When people think of NASA, they might think of rovers on Mars, astronauts floating aboard the International Space Station, or probes veering out to the edge of the solar system. They might not necessarily link NASA with climate research and observations. But Earth is a planet, too, and NASA is one of the biggest players in the Earth science arena, with broad expertise on observing our climate, especially from the vantage point of space. Today it spends over a billion dollars a year doing Earth science and has more than a dozen satellites in orbit around the planet watching the ocean, land, ice, atmosphere, and biosphere.
NASA has been studying Earth since its first weather satellite (TIROS) launched in 1960. It was also a time when people were beginning to realize that our climate could change relatively fast, on the scale of the human lifespan. Today, we know that our climate is changing rapidly and that humans are a key part of that change. NASA continues to launch new satellite missions and is also relying on aircraft (manned and unmanned), as well as scientists on the ground, to take vital measurements of things like snowpack and hurricanes, augmenting the big-picture view we get from space.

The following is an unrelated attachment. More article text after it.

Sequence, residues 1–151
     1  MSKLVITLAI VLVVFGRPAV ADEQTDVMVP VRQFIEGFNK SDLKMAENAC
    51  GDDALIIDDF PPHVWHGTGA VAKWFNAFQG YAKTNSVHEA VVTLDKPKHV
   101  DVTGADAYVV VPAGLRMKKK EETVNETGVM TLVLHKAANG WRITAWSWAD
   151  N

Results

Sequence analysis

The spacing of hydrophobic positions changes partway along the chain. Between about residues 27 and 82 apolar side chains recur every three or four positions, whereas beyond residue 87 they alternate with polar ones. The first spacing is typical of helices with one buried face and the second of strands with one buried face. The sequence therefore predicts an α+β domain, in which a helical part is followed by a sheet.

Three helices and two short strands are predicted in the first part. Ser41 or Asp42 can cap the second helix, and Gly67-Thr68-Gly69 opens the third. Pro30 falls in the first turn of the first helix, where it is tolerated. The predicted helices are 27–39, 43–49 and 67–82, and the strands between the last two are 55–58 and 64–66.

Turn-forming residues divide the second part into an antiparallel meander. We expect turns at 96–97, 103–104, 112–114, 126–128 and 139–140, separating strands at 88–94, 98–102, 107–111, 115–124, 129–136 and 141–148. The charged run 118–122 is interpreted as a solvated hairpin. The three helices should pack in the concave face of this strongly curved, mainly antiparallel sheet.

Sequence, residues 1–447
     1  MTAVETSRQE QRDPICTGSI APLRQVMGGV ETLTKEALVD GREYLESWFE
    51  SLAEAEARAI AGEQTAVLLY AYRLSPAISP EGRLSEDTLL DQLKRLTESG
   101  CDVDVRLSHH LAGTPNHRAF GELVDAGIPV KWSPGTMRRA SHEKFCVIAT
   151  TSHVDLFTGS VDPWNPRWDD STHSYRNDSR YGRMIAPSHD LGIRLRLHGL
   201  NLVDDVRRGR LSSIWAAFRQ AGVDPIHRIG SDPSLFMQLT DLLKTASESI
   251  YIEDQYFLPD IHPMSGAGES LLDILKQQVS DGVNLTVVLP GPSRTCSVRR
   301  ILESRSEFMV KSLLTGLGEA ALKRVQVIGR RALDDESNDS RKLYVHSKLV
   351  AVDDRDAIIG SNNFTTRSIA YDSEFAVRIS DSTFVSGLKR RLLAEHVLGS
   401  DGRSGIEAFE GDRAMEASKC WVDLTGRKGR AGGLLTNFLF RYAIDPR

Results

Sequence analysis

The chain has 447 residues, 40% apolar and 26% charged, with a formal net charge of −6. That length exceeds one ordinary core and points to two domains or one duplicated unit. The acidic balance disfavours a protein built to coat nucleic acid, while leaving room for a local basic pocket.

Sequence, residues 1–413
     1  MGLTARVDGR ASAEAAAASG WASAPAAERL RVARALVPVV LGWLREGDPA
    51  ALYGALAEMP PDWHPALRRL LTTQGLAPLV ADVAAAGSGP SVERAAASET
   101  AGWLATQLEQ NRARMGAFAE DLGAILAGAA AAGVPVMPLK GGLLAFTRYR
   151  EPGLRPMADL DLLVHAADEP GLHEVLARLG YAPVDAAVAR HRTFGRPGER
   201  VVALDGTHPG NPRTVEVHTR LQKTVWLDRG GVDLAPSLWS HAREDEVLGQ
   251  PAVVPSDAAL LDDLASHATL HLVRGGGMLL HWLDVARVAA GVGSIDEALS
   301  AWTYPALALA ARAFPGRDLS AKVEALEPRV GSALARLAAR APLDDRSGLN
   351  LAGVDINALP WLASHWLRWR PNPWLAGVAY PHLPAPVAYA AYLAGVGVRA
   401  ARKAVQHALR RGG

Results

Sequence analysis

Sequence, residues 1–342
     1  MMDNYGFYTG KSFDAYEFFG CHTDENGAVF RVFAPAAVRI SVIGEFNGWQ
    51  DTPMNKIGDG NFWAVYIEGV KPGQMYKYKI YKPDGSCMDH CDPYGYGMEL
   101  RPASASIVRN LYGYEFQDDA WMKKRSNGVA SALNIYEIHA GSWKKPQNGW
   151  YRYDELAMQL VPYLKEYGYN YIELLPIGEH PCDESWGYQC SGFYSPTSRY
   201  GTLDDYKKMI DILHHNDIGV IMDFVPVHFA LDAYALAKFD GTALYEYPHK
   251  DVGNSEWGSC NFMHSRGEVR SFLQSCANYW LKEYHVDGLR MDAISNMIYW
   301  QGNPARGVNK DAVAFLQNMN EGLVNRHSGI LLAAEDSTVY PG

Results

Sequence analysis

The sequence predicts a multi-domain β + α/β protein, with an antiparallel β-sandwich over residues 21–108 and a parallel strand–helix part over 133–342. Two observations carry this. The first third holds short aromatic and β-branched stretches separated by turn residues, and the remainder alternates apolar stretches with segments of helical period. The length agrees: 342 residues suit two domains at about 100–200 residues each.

NASA’s role is to make observations of our Earth system that can be used by the public, researchers, and policymakers and to support strategic decisions. Its job is to do rigorous science. However, the agency does not promote particular climate policies.